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Huge tobacco find on Armagh farm sparks 'soft touch for smugglers' claim

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Cigarettes seized during raids by Customs officers targeting those involved in illegal tobacco smuggling

Cigarettes seized during raids by Customs officers targeting those involved in illegal tobacco smuggling

Cigarettes seized during raids by Customs officers targeting those involved in illegal tobacco smuggling

Political wrangling over the powers of the National Crime Agency operating in Northern Ireland are said to have left the region wide open to smugglers.

Almost a tonne of raw leaf tobacco and 10,000 suspected illicit cigarettes were this week seized in raids by Customs officers.

The huge tobacco haul was discovered in a vehicle at a farm in south Armagh on Tuesday.

HM Revenue and Customs said it was worth an estimated £236,000 in lost duty and taxes.

In separate searches on the same day, 10,000 illegal cigarettes were recovered.

A number of private and business addresses in Co Down were inspected and a vehicle as well as the cigarettes removed.

They were worth an estimated £2,800 in lost duty and taxes.

No arrests have yet been made in relation to either operation.

Earlier this month five people from counties Tyrone and Down were arrested as part of an investigation into a suspected £110 million tobacco fraud.

A Policing Board member last night welcomed the finds but said they showed the region was attractive for international crime gangs due to restrictions on the powers of the NCA.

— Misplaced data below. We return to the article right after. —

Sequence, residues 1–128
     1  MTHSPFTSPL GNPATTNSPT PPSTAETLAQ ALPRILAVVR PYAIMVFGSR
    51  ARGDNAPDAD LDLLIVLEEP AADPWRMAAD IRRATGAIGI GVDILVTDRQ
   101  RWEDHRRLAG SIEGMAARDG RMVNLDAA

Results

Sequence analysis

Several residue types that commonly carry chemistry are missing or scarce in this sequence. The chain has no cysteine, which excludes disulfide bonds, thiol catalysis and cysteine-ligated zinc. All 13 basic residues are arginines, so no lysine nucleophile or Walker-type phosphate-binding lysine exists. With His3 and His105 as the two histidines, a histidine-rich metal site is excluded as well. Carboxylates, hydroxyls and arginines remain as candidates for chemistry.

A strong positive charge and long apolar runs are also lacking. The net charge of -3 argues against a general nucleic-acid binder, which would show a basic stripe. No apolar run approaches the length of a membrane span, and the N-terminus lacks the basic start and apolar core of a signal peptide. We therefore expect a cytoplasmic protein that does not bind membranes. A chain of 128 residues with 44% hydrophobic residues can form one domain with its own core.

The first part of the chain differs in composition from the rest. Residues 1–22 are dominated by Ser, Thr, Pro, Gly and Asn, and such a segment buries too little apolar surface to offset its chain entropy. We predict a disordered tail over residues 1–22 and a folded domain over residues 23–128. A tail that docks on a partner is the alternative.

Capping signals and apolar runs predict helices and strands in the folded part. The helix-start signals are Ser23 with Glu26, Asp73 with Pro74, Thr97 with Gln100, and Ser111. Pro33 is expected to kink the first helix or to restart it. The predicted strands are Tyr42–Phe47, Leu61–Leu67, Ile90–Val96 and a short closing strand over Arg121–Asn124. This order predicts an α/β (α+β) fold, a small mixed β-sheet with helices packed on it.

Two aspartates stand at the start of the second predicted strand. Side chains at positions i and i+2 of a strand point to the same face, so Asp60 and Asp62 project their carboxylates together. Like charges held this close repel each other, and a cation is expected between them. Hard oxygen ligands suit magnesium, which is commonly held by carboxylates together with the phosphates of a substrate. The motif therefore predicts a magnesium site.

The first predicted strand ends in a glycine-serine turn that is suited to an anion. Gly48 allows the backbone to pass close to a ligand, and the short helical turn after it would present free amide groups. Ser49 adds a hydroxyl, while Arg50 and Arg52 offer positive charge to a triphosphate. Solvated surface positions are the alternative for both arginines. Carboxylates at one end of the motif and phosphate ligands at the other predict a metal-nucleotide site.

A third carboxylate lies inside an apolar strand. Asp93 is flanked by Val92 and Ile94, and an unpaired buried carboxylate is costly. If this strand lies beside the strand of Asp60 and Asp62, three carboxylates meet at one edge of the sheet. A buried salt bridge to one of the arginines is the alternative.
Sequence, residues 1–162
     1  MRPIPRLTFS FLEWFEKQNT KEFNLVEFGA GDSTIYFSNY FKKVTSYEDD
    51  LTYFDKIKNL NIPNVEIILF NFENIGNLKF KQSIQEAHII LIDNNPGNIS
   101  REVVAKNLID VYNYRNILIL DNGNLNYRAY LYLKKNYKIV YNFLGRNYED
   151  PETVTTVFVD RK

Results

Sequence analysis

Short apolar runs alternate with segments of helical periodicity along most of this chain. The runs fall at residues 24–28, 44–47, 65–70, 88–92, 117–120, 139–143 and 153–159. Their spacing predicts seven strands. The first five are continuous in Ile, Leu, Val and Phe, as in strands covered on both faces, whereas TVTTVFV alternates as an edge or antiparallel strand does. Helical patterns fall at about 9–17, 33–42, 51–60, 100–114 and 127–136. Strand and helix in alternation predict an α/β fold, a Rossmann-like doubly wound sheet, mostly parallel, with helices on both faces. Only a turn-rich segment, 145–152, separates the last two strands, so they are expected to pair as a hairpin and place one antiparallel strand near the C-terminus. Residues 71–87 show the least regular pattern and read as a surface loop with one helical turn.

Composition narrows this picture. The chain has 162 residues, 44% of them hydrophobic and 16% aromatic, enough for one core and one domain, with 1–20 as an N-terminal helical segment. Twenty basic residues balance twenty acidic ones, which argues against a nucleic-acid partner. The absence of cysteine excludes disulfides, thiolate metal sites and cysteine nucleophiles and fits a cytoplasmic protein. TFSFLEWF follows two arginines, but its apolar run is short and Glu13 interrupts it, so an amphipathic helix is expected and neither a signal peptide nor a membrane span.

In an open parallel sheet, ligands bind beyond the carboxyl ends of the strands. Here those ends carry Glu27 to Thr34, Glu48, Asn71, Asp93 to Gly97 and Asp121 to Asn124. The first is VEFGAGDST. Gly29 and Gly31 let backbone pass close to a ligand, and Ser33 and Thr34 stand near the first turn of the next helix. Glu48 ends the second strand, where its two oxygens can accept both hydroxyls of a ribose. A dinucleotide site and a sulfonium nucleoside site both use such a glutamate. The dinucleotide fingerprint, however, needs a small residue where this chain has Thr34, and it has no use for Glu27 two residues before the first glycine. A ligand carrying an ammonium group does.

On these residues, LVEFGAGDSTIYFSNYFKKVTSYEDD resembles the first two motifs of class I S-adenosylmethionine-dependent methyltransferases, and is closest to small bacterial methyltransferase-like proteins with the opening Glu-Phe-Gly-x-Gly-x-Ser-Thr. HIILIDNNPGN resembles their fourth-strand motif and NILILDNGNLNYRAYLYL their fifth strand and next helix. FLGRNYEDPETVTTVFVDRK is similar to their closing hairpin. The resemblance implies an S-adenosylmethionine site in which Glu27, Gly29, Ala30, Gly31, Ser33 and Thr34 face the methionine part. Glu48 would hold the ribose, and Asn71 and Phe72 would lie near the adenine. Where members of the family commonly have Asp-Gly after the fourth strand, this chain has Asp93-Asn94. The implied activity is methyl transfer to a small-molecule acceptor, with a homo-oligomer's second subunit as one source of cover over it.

"We are now clearly seeing the out-workings of not having the NCA in operation over the past year-and-a-half," DUP MLA Jonathan Craig said.

"It's no accident these quantities of illegal substances are being smuggled across the border into Northern Ireland.

"These gangs know only too well that at present if the gang leaders are caught, some of their assets can't be taken off them.

"For the past 18 months we have been a soft touch for smugglers and criminal gangs."

The NCA is expected to be operational here by May and one of its first priorities will be to confiscate the properties, cars, jewellery, cash and bank accounts of crime bosses.

Mike Parkinson, assistant director of criminal investigation at HMRC, said the illegal trade in tobacco was funding gangs across the world.

"Tobacco fraud is a highly organised global crime which costs the United Kingdom £2bn a year in lost taxes," he said.

"The trade in illicit tobacco is unregulated and makes cheaper tobacco more readily available to the young and vulnerable."

Customs are urging anyone with information about smuggled tobacco products to contact them or police.

Investigations into both this week's seizures are ongoing.

Factfile

Smokers have been warned of the serious health threats posed by illicit tobacco.

Recently a notorious black market cigarette brand known to contain asbestos was found to be on sale in Belfast.

The dangerous Jin Ling brand is one of a host of illegal tobacco products increasingly available in the city. Smuggling them here is said to have become the "crime of choice" for organised gangs, who can make huge profits from their sale.

Belfast Telegraph